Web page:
Should conflict come, Poland, Slovakia, Hungary and Romania could, like Norway, Finland, Estonia, Latvia and Lithuania, become frontline border states. Russian malign intent will have to be be assumed.

Russian troops already occupy Moldova’s border with Ukraine in a region called Transnistria. Depending on Russian intent, Moldova may face existential questions, but in any case it will acquire a newly threatening neighbor. Any military move in Transnistria will be meant to intimidate not only Moldova but neighboring NATO member Romania as well.

A fundamental geopolitical realignment is hurtling our way that won’t simmer down for years. By spring, tens of thousands of Ukrainian refugees – or more – could be storming the borders of Poland, Slovakia, Hungary and Romania, and how can those countries, how could they hold them back? Across those borders Russia, or it’s newly installed Ukrainian puppet, will try to stare down four new NATO neighbors. 

Current NATO borders in Estonia, Latvia, Lithuania and Norway will be reinforced, and depending on the depth of the next couple of months’ ill will, Finland’s Russian border may be too. With sudden new face-to-face NATO/Russia exposure, all sides will want substantial, fortified borders. Each country will surely want its own sovereign border backed by its own conventional forces. Here come concrete barriers, anti-vehicle trenches, mesh fencing, electronics, guard towers, barbed wire, electronic and other defenses. Suddenly, it’s a good bet that Schengen’s best days are behind it.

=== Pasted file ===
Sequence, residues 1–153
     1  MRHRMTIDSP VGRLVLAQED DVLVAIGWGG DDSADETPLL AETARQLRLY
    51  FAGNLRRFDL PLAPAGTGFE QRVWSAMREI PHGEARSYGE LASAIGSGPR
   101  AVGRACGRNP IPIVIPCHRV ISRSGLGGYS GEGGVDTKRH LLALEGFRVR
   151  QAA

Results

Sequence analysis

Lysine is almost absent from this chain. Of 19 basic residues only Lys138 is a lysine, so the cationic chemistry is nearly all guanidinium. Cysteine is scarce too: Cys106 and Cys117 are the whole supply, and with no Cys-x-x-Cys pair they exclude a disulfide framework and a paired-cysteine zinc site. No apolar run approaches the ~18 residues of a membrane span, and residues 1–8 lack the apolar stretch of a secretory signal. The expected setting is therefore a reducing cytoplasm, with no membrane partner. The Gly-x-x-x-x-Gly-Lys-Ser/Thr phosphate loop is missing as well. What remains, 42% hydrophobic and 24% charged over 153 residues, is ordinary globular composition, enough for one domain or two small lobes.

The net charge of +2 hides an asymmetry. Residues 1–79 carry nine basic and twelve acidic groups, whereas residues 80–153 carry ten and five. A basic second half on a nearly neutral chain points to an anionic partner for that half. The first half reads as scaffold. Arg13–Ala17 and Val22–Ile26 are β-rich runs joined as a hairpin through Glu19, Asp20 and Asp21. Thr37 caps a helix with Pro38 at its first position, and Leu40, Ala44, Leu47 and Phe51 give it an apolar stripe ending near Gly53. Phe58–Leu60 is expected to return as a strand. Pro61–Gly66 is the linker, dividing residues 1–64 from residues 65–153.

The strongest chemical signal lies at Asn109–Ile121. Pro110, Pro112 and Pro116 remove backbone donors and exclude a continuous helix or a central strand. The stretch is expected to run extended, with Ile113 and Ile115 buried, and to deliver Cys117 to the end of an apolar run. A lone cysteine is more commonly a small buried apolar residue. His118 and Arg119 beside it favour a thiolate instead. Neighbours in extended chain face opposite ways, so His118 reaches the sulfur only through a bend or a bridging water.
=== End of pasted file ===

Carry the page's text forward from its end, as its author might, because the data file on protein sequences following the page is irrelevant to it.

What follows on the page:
Once we’ve had time enough to consider the longer term, we may find ourselves in a new, raw standoff across conflict-embittered battlefields. Russia v NATO eye-to-eye across borders bristling with weapons and evil intent will be a sight to see. Once again.

Doomsday warnings are cheap for hand-wringing punditry, that’s true. But if some of this stuff does come to pass, world changing ramifications follow. As Sweden’s FM Ann Linde says, “it can still go completely to hell.”